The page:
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Q&A: DREAM Leadership Growth

DREAM is excited to celebrate the organic growth of our leadership team as Nick Brooks AIA, NCARB transitioned to Principal and Sara Kudra AIA, LEED AP to Affordable Housing Director. As a firm that embraces diversity of thought, Nick and Sara shared some insight into their unique approaches to design, equity, and leadership in the architecture industry.

How can architecture contribute to shaping our neighborhoods and communities?

  • NB: Architecture is where we live, work, and play. It also comes with an inherent permanence that means whatever decisions we make today will follow us for years. Architecture contributes to our neighborhoods and communities and can quite literally be the fabric (or canvas) that shapes our interactions as human beings.
  • SK: Beauty. I think there are many components to neighborhoods that could be or are improved through design. Streetscape and scale, road width and speeds, building frequency, massing, and detailed materials and textures. A pacing which feels more humane.

How does equity play a role in design?

  • NB: Equity is a critical design thinking lens that provides focus for sustainable outcomes. It has never been more clear that we are a society of differences. The best perspectives on equity provide an opportunity to view an issue or solution from a variety of viewpoints. This is a crucial component in our ability to co-exist as harmoniously as possible.
  • SK: Equity in design is the availability and opportunity for every person to have access to high-quality, healthy spaces—to have access and proximity to green space and nature. To me, equity means that life and health outcomes are not limited or unduly influenced by the place that someone lives, that instead the spaces we live, learn, and work in—and travel to—are all enriching, beautiful, and invigorating environments.

In what ways is DREAM shifting the culture of the industry?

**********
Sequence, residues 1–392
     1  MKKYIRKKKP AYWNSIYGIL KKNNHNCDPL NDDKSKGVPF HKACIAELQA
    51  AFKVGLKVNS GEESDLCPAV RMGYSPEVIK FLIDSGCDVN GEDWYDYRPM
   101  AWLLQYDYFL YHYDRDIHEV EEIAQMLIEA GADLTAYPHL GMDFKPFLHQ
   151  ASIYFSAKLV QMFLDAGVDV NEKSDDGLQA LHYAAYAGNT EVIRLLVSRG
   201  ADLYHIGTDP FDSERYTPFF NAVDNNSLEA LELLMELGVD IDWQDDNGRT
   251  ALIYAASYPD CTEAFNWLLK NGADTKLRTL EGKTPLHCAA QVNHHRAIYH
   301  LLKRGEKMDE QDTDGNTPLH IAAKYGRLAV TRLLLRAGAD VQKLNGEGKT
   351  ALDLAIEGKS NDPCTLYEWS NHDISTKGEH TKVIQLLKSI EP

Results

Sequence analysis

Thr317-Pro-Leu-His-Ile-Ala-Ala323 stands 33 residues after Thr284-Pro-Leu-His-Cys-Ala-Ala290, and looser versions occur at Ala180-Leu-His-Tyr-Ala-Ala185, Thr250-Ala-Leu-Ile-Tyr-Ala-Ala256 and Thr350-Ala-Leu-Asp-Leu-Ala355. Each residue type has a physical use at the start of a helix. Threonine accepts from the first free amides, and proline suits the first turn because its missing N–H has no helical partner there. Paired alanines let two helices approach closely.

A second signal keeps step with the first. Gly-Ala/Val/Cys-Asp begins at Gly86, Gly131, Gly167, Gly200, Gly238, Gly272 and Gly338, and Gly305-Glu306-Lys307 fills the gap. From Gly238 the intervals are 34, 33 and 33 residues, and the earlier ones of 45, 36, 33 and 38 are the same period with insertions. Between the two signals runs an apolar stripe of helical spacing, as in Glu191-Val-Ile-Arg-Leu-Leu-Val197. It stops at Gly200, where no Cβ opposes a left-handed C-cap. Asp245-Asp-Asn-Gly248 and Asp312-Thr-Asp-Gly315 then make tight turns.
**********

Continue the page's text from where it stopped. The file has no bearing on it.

• NB: Through our collective experiences, we have learned that “telling” is not as powerful as “showing.” We are young enough to ask the question “why?” and old enough to generate a response that is well considered and informed. I would encourage anyone curious about this answer to follow DREAM as we impact the industry. One example I would like to share is our attitude towards collaboration. Internally and externally, we strive to find the people and relationships likely to create successive positive outcomes for clients, for staff, for partners, and for the industry. For DREAM, it is not enough to be profitable; we need to use the work of today to set as many positive paths possible for as many people as possible.
  • SK: Our firm has gone to an hourly compensation model for all architectural and administrative staff. It was a move born out of necessity in the early days of the pandemic as an opportunity to allow staff more flexibility to take care of family and themselves. What we saw after six months of working in this model was that there was a greater awareness about the human impact of time management. While we have never been a firm to encourage extreme work hours, we were not immune to feeling deadline pressures that would have us requesting people to work overtime or weekends. Now, this has direct financial impact to the project, and managers think twice before asking or even green-lighting overtime work. I think this is a radical new model for architecture and is a very significant and meaningful step towards creating a sustainable workplace for people to thrive. When we discuss equity and bringing more diverse architects to the table, we are opening opportunities for many more life circumstances–creating opportunities for professionals for whom a traditional practice isn’t practical.

What do you hope to provide through your work?

  • NB: Before I am done with architecture, I would hope to provide the framework for a new way of being. I don’t need to be around to witness it, but I will be spending my time creating opportunities to educate the industry in America regarding the value of good architects. Like Fredrick Law Olmstead, we strive to plant the small trees today to enable future generations can enjoy a park.
  • SK: I want to improve the quality of our built world for the everyday person, to ensure that design is equitable and accessible. Ideally, I would help design the utopian green city for the future so that human beings can coexist on this planet with all other diversity of animal and plant life in harmony. I am searching for the right scale and density of human occupation on this planet so that we can live in symbiosis with our species and the plant, and to balance how we use finite natural resources like energy and water.